The Internet of Things (IIoT) and Elastic Stack Author Felix Rossel Marco De Luca

The Industrial Internet of Things (IIoT) gives manufacturing companies the opportunity to capture data from thousands of sensors and devices.

Connecting these data is important both in monitoring the production process and in obtaining appropriate measurements for further analysis. One of the key challenges is how to collect and standardize data so that it can be used in the areas of predictive analysis or workshop safety.

Even small manufacturing companies tend to operate multiple factories with hundreds of machines and thousands of sensors. New data is generated at the millisecond rate, easily adding up to a terabyte, but it is not stored and analyzed and therefore worthless.

With Elastic, you can collect, enhance, and analyze IIoT data and help production managers gain insight into the production process.

— Marco De Luca, Chief Solution Architect, Elastic

Being able to collect this data on a large scale will be an important watershed. It can optimize the production process, thereby increasing efficiency and improving product quality. Typically, manufacturers face at least one of the following challenges in addition to the general challenges mentioned above:

  • Manufacturing companies are very innovative, but there will still be a lot of old machinery that will probably continue to be used for years. The life cycle of machines is usually 10-20 years or more! How do you integrate these old machines into modern analytics platforms?
  • With sensors, autonomous vehicles, and a host of other devices that need to be monitored. Knowing the big picture is the foundation to help manage predictive maintenance, operations, and everything else. All kinds of devices use different technologies to communicate and are connected to the Internet in different ways.
  • There are many proprietary solutions that cannot communicate with each other. How do you get data from these systems and relate it to other machine data?
  • Some manufacturing companies are already thinking about how to build a machine data platform that can monitor all these old and new systems together. How do you leverage this data? Is it for operational/maintenance purposes, or is it building other/new business use cases and/or services?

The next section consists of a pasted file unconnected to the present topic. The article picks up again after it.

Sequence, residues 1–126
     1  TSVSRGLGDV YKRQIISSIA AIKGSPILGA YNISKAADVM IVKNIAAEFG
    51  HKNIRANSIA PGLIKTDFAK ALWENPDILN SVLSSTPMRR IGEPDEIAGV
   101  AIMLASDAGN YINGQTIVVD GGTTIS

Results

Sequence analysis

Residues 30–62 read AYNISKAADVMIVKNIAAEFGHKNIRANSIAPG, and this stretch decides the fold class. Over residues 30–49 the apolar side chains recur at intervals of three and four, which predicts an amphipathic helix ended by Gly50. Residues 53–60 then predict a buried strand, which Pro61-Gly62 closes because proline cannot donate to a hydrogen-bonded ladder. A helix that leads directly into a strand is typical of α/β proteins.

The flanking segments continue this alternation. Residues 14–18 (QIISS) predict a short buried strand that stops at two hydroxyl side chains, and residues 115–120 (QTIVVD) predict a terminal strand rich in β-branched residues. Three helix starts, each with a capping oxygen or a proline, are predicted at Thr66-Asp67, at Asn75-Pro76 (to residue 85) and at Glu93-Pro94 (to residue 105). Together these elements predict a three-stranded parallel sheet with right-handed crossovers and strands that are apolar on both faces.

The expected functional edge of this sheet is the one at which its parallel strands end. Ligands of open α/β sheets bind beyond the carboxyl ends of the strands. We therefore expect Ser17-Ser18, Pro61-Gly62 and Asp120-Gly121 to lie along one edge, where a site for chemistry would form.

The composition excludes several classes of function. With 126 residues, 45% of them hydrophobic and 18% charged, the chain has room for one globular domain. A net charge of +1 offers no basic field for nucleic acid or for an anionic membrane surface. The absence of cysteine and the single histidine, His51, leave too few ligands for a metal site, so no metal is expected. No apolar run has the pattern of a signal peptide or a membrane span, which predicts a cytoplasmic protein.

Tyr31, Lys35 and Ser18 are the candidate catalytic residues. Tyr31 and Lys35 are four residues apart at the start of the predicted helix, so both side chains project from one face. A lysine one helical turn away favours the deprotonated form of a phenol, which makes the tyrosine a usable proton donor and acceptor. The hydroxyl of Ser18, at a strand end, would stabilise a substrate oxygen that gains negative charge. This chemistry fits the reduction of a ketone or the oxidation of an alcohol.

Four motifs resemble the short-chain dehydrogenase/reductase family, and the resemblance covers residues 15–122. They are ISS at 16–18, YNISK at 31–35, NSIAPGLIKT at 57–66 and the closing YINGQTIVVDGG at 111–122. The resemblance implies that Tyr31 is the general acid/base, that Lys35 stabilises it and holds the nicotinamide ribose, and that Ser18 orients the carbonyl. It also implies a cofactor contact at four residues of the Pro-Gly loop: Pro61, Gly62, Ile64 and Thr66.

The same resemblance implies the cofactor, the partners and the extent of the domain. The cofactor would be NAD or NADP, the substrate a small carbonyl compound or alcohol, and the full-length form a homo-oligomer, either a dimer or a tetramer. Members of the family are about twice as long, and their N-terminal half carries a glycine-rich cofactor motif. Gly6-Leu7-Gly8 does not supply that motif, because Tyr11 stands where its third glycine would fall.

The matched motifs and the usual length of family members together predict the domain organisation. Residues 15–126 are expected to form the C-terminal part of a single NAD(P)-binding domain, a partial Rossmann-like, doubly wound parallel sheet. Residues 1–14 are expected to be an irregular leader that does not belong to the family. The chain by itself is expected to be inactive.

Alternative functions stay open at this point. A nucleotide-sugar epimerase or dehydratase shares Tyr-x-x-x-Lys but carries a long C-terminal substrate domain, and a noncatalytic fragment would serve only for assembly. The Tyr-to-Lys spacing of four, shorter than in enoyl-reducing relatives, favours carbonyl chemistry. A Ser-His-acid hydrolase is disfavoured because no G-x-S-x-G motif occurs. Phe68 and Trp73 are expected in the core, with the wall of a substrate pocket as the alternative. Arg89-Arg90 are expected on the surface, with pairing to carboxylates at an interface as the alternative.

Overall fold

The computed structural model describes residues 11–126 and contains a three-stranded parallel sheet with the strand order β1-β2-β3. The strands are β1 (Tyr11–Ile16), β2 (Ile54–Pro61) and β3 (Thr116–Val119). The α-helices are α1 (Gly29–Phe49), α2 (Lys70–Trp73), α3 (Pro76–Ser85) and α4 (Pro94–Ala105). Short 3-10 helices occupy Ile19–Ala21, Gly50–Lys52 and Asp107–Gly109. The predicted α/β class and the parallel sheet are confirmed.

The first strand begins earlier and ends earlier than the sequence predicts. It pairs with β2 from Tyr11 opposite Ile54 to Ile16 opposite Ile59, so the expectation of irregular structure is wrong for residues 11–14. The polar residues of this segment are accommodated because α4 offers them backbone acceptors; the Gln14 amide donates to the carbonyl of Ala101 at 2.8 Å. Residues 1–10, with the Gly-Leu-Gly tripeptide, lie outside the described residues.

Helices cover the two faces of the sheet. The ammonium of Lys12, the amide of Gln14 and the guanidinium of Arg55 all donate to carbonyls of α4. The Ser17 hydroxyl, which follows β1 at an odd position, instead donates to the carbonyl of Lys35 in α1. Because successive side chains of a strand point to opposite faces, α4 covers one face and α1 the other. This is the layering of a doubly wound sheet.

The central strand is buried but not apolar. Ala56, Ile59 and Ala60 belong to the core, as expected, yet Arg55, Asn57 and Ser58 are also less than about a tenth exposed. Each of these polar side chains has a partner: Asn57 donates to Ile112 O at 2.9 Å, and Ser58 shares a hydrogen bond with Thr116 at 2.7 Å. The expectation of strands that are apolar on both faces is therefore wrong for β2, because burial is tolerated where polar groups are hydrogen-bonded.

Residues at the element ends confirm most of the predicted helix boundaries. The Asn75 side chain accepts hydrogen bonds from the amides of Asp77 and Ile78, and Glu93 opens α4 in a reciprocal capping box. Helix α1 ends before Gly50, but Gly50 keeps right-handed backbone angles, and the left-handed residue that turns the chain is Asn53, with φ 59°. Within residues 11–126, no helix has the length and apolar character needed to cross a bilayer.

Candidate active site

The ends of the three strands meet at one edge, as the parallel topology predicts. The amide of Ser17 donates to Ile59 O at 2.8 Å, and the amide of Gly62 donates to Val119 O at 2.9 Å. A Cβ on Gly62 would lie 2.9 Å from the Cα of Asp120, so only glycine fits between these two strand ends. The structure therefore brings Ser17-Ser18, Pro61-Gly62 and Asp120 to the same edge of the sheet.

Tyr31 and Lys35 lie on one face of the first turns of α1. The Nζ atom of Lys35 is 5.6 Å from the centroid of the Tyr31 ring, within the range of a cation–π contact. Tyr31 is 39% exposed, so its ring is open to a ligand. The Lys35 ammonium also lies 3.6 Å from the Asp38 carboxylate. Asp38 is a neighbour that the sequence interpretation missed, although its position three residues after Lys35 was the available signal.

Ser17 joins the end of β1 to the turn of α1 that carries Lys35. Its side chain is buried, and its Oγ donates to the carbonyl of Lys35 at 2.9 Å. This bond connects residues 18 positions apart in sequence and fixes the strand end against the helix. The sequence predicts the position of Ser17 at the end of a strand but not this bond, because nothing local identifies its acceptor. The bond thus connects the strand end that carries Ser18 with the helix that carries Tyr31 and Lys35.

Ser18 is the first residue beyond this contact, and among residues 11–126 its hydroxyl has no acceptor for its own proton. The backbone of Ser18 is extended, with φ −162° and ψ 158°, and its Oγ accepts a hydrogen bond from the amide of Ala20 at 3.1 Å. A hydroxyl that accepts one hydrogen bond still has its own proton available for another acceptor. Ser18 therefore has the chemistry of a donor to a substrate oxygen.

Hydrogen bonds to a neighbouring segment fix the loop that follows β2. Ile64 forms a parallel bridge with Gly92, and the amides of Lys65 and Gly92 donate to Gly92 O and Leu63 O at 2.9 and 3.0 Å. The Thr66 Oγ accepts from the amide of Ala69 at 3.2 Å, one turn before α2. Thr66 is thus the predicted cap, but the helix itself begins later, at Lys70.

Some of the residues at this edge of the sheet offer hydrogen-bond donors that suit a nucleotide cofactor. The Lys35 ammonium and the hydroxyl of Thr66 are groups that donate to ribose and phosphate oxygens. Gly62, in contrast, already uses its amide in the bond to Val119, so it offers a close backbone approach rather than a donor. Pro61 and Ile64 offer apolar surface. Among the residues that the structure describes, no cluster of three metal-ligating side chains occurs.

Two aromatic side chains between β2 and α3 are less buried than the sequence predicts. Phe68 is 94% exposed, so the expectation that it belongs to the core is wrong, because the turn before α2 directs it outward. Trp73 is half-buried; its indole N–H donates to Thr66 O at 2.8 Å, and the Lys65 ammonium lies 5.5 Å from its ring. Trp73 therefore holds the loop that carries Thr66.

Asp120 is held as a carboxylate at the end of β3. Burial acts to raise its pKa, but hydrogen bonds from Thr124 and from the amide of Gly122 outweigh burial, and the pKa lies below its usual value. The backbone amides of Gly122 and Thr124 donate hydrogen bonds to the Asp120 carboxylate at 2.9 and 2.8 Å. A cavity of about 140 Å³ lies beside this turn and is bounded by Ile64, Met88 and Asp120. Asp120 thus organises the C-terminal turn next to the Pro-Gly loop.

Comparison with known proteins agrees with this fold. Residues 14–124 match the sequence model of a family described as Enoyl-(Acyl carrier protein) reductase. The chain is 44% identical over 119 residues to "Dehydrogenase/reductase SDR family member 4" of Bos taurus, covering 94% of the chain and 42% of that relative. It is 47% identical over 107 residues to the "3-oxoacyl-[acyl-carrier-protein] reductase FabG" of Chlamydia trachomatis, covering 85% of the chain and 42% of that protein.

For companies that specialize in collecting and analyzing machine data, there are many benefits. This not only optimizes the production process, but also improves product quality. The benefits of collecting and analyzing this data go far beyond that.

A well-designed monitoring solution combined with predictive maintenance can also help significantly reduce costs. Sensor data can provide a good indication of the condition of equipment or the quality of finished products. In addition, it helps to reduce resource consumption. MM Karton has demonstrated this potential by reducing raw material consumption by 20%.

Build the basis for IIoT data analysis

To be able to take advantage of these different kinds of data, you need to store the data in a separate environment that can be scaled on demand. ElasticSearch is a good fit for this use case. Not only does it allow you to store multiple types of data on a large scale, but it also lets you use Machine Learning capabilities to analyze data and visualize it in any way you like.

Once you are able to collect all the relevant data for each plant, imagine a comprehensive monitoring of how you can improve the efficiency of your production plant. Stacking all the necessary data in Elasticsearch and using Canvas to put data sets from multiple assembly plants into one screen is as easy as making a slideshow connected to live data for a presentation.

Here are some examples for you to look at:

Monitor every piece of equipment in multiple assembly plants from the macro to the micro

It’s great to have a big picture of a number of different assembly plants, but you also need to know how the different machines in each plant perform. In addition, you need to be able to combine and correlate different data models for each vendor.